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Here's How to Know if You Eat Enough Veggies ...

Quite simply, most of us do not eat enough vegetables. We’re all very aware of the recommendation of five portions of vegetables and fruit every day (although this has recently been increased to seven) but how many of us actually achieve it? The Centers for Disease Control and Prevention (CDC) reported in 2010 that only 33% of American adults were eating the daily recommended amount of fruit, and even fewer β€” 27% β€” were meeting their veggie quota. The numbers for teens were worse. So do you think you eat enough veggies? Here’s signs that you should look for that say no and you need to eat more:

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1. You Always Feel Hungry

One of the most telling signs you don’t eat enough vegetable is that you never feel truly full. Most diets in the U.S. consist mostly of processed foods, sugars and refined grains. While this diet can make you feel full temporarily, it can lead to a number of micronutrient deficiencies. Often, nutrient deficiencies can leave us feeling like we still need something, sometimes even after we’ve just eaten. Vegetables offer a sense of fullness, but better yet, there is some delay emptying the gut, which makes you feel full longer. Choose veggies that are full of fiber, like carrots, peas, onions or beans.

2. You Seem to Get Sick a Lot

First, a visit to your doctor is advised. But, if it seems like you’re under the weather more often than not, you might want to look at your diet. Your immune system is strengthened by the vitamins and minerals you take into your body. Vegetables are vitamin- and mineral-dense, while processed foods are often full of empty calories. If you don’t get enough immune support through your food, you may get sick more frequently. Certain foods, like broccoli and mushrooms, help keep your immune system strong.

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3. You Have Skin Problems

If you are always breaking out, your skin is ruddy or you’re just a little off color, it could be you’re lacking in greens and other vegetables. Your diet may consist of too many fats as well. Look for vegetables that can protect you against free-radicals and toxins that may be doing a number on your skin. Veggies high in vitamin E & C, like cucumbers, spinach, sweet potatoes, and bell peppers, tomatoes, and avocados.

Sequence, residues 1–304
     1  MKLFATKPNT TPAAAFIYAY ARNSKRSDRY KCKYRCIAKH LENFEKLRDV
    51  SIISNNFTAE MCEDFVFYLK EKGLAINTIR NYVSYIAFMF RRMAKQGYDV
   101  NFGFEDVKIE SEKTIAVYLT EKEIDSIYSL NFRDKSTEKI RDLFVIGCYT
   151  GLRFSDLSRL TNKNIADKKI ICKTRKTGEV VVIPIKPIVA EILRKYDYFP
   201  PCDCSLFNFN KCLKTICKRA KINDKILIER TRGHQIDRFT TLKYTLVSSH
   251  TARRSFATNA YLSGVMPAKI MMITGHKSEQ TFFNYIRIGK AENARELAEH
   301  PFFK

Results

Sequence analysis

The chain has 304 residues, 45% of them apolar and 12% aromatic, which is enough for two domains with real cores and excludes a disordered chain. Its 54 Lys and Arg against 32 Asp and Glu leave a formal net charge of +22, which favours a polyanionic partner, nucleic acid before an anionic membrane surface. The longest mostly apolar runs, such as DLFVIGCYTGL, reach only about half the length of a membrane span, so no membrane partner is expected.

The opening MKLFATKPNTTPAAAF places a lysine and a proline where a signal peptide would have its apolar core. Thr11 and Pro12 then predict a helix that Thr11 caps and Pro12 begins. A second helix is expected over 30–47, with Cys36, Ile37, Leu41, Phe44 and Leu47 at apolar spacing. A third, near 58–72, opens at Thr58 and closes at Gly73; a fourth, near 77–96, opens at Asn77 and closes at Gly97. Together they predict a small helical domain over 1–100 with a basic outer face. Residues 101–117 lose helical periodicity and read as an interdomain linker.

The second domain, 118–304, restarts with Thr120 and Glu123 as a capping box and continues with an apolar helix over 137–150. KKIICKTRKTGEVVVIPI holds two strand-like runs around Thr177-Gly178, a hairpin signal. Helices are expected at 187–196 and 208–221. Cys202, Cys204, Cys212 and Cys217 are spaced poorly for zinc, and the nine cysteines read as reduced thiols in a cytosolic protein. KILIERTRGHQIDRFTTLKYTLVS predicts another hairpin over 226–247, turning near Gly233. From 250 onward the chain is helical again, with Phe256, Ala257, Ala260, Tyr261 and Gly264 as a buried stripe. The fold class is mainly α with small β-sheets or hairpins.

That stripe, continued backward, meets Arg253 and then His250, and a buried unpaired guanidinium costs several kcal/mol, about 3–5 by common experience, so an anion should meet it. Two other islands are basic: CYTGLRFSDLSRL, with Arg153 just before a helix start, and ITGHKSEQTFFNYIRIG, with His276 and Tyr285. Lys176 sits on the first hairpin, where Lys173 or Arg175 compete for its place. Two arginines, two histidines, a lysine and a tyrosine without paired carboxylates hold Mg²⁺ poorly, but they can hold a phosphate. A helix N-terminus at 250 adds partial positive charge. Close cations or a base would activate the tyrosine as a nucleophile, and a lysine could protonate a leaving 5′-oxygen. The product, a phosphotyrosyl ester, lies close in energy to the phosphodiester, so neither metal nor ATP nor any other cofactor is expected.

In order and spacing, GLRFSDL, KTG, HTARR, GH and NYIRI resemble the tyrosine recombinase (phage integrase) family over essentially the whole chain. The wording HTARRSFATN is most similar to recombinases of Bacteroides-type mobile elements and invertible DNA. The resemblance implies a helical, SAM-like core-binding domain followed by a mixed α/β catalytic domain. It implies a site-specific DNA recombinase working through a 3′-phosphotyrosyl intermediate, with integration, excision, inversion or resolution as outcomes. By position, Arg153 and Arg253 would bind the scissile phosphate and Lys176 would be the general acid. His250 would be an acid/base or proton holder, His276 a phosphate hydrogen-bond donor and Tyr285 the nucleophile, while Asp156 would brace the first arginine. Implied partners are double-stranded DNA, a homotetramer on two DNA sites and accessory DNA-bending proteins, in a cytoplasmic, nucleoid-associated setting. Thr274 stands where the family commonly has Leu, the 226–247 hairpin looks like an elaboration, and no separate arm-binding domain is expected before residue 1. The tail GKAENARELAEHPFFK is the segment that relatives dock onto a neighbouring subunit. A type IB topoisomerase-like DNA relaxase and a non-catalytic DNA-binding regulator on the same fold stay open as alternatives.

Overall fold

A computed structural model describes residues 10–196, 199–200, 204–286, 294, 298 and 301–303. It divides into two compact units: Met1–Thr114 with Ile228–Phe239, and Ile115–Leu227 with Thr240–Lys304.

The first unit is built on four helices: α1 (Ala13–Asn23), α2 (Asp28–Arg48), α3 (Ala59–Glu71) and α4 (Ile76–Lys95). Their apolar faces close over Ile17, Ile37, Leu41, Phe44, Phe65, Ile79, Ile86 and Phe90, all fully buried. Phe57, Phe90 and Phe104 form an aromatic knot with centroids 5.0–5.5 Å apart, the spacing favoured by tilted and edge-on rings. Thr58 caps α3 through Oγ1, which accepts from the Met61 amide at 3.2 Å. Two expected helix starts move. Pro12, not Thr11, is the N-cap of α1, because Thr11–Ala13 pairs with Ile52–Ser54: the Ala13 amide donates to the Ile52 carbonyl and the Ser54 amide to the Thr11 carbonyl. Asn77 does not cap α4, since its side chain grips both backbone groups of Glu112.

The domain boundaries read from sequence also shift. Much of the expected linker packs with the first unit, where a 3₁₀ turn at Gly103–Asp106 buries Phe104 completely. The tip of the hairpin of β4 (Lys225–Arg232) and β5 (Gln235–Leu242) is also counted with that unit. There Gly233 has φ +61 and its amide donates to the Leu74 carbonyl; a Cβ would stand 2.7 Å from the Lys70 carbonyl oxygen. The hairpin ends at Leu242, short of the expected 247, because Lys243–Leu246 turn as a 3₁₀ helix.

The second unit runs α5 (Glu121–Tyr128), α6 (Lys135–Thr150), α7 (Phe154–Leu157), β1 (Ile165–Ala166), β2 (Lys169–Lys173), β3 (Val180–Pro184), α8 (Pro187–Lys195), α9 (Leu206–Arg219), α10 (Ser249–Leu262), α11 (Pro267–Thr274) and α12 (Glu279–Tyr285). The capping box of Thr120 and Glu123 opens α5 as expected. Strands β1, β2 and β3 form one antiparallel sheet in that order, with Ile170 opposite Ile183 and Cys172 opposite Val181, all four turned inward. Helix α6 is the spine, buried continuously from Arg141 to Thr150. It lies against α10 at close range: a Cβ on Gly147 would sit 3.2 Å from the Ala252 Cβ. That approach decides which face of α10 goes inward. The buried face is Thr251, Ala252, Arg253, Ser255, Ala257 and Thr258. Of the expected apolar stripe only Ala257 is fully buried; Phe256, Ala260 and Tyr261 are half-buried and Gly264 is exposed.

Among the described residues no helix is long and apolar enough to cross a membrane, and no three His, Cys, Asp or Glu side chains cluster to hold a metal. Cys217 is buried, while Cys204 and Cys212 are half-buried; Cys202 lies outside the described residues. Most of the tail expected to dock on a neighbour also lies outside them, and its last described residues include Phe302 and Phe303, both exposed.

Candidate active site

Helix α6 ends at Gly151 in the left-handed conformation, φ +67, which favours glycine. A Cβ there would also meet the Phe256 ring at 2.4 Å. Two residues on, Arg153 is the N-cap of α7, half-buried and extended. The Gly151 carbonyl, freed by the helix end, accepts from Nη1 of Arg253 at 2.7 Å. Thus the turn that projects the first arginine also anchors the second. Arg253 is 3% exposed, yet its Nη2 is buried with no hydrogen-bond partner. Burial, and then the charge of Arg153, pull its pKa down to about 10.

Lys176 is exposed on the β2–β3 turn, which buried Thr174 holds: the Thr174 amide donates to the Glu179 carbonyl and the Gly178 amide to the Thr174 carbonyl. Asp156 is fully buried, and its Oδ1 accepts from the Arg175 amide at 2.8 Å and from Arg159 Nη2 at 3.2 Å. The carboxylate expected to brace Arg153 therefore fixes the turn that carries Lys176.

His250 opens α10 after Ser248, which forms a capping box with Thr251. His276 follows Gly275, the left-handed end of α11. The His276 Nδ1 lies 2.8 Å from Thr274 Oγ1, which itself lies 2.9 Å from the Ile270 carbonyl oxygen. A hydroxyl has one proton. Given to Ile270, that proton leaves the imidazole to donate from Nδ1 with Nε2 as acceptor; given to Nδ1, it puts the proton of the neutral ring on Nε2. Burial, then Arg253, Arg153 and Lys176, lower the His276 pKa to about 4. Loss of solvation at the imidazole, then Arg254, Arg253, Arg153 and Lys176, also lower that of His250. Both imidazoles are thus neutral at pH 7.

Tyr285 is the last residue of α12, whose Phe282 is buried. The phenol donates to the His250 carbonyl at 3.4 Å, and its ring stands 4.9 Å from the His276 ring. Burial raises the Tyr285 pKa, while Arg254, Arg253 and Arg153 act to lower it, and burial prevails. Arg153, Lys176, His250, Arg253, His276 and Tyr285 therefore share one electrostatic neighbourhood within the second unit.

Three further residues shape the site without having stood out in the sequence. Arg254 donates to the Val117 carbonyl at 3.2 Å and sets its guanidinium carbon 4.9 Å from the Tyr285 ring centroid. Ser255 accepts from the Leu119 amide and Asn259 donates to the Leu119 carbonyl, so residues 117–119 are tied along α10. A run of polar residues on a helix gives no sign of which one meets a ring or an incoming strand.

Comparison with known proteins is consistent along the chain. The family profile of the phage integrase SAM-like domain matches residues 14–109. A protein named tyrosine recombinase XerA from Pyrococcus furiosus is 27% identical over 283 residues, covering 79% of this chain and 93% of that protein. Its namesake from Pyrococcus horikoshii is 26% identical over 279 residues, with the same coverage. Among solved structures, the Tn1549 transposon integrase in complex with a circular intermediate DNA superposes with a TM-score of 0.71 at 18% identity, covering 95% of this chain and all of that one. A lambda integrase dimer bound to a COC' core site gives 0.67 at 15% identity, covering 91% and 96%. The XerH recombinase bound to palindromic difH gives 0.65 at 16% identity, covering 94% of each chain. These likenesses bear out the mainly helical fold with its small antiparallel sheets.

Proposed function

4. You Rely on Multivitamins for Nutrition

If you don’t think you get enough nutrition from the foods you eat, you may try to take supplements to make up for the lack of vitamins. Or, you simply may feel like you want to cover your bases. However, the body absorbs vitamins and minerals better if they come from whole fruits and vegetables, so taking a supplement will not provide whole spectrum of benefits found in real foods. Fresh vegetables are better, but frozen veggies do the trick as well.

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5. You’re Always Tired

Of course, there could be a good medical reason you feel tired, so check with your doctor to be sure you are otherwise healthy. Vegetables come packed with nutrition, phytochemicals and antioxidants as well as B-complex vitamins - if you don’t eat enough vegetables you could experience confusion, brain fog or mental tiredness. Not only that, many vegetables help give you natural energy, so instead of reaching for that high-caffeine drink, perhaps reach for some vegetables instead.

6. You’re Having Trouble Staying Regular

A lack of adequate veggies can give you either constipation or diarrhea, ironically. So, if you find yourself straining or if you find yourself visiting the toilet more often than necessary, both these problems may be solved with vegetable fiber. Vegetables contain both soluble and insoluble fiber. Both are good for alleviating diarrhea, but if you’re experiencing constipation look for foods high in the insoluble fibers, such as whole wheat, cabbage, bell peppers, and cucumbers with the skin left on.

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7. You Shop the Inner Aisles of the Supermarket

If you’re only shopping the inner aisles, you’re missing out on the fresher food found in the peripheral parts of the store, particularly the produce section, where you need to fill up your cart. Shop the outside edges of the store first, where you’ll get fresh fruits, veggies, meats, and dairy. Then go to the inner aisles to fill in what you still need.

So now – tell me – do you need to add more veggies to your shopping cart this week?

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